Today's headlines: Daily news refresh for Czechia

The country's top news in brief for the week of Jan. 2-6, 2023. Staff

Written by Staff Published on 02.01.2023 08:32:00 (updated on 06.01.2023) Reading time: 17 minutes

Jan. 6, 2023

LAW Babiš continues self-defense in court

During the final hearings of today’s Čapí Hnízdo court case, former Prime Minister Andrej Babiš has said that he is being persecuted for his political past.

“I would never be standing here if I had not entered politics. I still do not know why Jana Nagyova [his former assistant] and I are tried in court," Babiš said.

He noted that journalists and politicians had made the former prime minister’s son – with whom Babiš said he once had a “wonderful relationship” – turn against him, leading to Babiš Jr. testifying against his father in court. 


Babiš noted that his son’s schizophrenic condition affected the veracity of his statements.

INDUSTRY Czech industrial production growth slows

Industrial production growth in Czechia slowed to 0.5 percent year on year in November, data from the Czech Statistical Office shows. This represents a fall from 3.1 percent growth in October.

Analyst at investment company Cyrrus, Vít Hradil, said in ČTK that “a combination of rising costs and declining demand,” is behind the slowdown. The construction industry is among the worst affected areas, owing to rising material prices, a plateau in supplies, and rising energy prices. 

Hradil estimates that December also registered a decline in industrial production.

MEDICINE Antibiotics shortage due to 'excess consumption' – Health Ministry

Deputy Health Minister Jakub Dvořáček has today said that Czechia’s current shortage of antibiotics is mainly caused by the unexpectedly excessive consumption of the drugs, ČTK describes. The issue is prevalent across most of the EU.

In a press conference today, Dvořáček said that a lack of one antibiotic caused others to be prescribed in its place, leading to a “domino effect” of shortages.

"I have never experienced anything like this in my entire career,"  Chairman of the Association of General Practitioners Petr Šonka remarked.

iDnes earlier this week reported that the shortage of the medicine is to last all winter.

LAW Babiš court trial to get verdict on Monday

Closing arguments in the Čapí hnízdo subsidy-fraud court case featuring former Prime Minister Andrej Babiš are to be heard today, before a final verdict is announced Monday, Seznam Zprávy writes. Babiš is accused of illegally claiming an EU subsidy fraud that his company had not been eligible for.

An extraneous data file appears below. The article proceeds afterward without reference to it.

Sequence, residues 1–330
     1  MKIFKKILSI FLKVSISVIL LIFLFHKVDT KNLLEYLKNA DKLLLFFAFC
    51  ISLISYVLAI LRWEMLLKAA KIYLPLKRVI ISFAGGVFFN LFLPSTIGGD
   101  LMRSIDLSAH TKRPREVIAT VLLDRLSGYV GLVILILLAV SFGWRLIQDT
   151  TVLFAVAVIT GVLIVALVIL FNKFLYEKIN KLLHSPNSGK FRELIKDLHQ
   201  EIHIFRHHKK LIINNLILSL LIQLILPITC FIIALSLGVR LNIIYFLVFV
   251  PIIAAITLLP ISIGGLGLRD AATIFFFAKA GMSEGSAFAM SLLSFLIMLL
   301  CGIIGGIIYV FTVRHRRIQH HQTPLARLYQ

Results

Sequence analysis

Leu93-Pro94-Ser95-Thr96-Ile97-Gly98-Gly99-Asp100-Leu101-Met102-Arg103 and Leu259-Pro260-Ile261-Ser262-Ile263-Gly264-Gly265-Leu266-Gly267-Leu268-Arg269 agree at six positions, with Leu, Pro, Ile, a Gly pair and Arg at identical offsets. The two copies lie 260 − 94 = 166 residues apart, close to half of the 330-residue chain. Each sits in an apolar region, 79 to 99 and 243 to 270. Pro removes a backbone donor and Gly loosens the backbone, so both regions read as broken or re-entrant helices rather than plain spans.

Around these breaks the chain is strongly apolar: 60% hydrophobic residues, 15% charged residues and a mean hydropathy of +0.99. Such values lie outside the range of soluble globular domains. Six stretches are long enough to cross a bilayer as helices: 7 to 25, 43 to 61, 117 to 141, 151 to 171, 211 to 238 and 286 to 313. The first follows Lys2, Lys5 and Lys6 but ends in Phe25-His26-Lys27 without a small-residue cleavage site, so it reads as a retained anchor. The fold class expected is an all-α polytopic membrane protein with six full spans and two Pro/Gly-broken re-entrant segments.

Babiš’s defense lawyer Eduard Bruna emphasized it has not been proven that “the withdrawal of Čapí hnízdo from the Agrofert holding had a causal connection with the receipt of the subsidy.” The connection of the Agrofert corporation with Čapí hnízdo would disqualify the latter's eligibility for a subsidy.

The prosecution accuses Babiš of continuing to co-own Čapí hnízdo, but Bruna states that Babiš “taking an active interest” in the project does not prove any wrongdoing. 

With the presidential election one week away, a verdict charging Babiš will indubitably have negative consequences on his campaign.

EUROPE Czechia to vouch for entry of Bulgaria and Romania into Schengen

Czechia will continue to encourage the acceptance of Romania and Bulgaria into the Schengen area next year, Minister of Interior Vít Rakušan said in a press conference yesterday. He said that Czechia was “disappointed by the attitude of Austria” for being opposed to these countries joining the zone, ČTK reports.

“It is advantageous for our citizens: no queues at the borders inside the Schengen area, no use of passports, an easy trip for the summer holidays," said Rakušan. 

He also commented that the unification of visa agreements for countries in the Western Balkans would help reduce illegal immigrants flowing into Czechia.

CYBERSECURITY Hacking attempts on country's data boxes reported

Hacking attacks have recently been taking place against the country’s data boxes (Datové schránky), announced Minister of Interior Vít Rakušan. However, the security of the data is unaffected, according to ČTK.

“The situation is being resolved, currently the attacks are still ongoing,” said Rakušan on the situation. The newly established National Headquarters against Terrorism, Extremism, and Cybercrime will be tasked with combating the issue.

The attacks come shortly after a coordinated hacking attempt on the website of Czechia’s state railway carrier, České dráhy. The perpetrators are unknown.

Jan. 5, 2023

POLITICS Three-year suspended sentence proposed for ex-PM

Public prosecutor in the Čapí hnízdo subsidy-fraud case Jaroslav Šaroch has recommended a suspended sentence of three years with a five-year probation period and a CZK 10 million fine for former Prime Minister Andrej Babiš, due to his role in illegally claiming a CZK 50 million payment from the EU.

Šaroch believes that Babiš’s multi-billion Agrofert conglomerate was behind the Čapí hnízdo building, thereby making it illegible for an EU subsidy.

The public prosecutor made reference to the testimony of Babiš’s son, who refuted his father’s claim that he signed documentation entrusting him with ownership of Čapí hnízdo. 

The trial continues this afternoon and tomorrow.

ECONOMY Deloitte: Czech economy facing recession in 2023

According to accounting firm Deloitte, the Czech economy this year faces a recession induced by Europe’s energy crisis and inflation. Deloitte predicts that GDP will fall by 1.1 percent in 2023.

Real wages are estimated to fall this year – as in 2022, when they dropped by over 8 percent – and unemployment will broadly stay the same.

Deloitte estimates that average inflation will register 8.5 percent for the whole year. The firm also assessed that the state will collect less revenue in taxes from large corporations than initially expected, negatively affecting the budget balance.

POLITICS Fiala unlikely to revoke nomination of new environment minister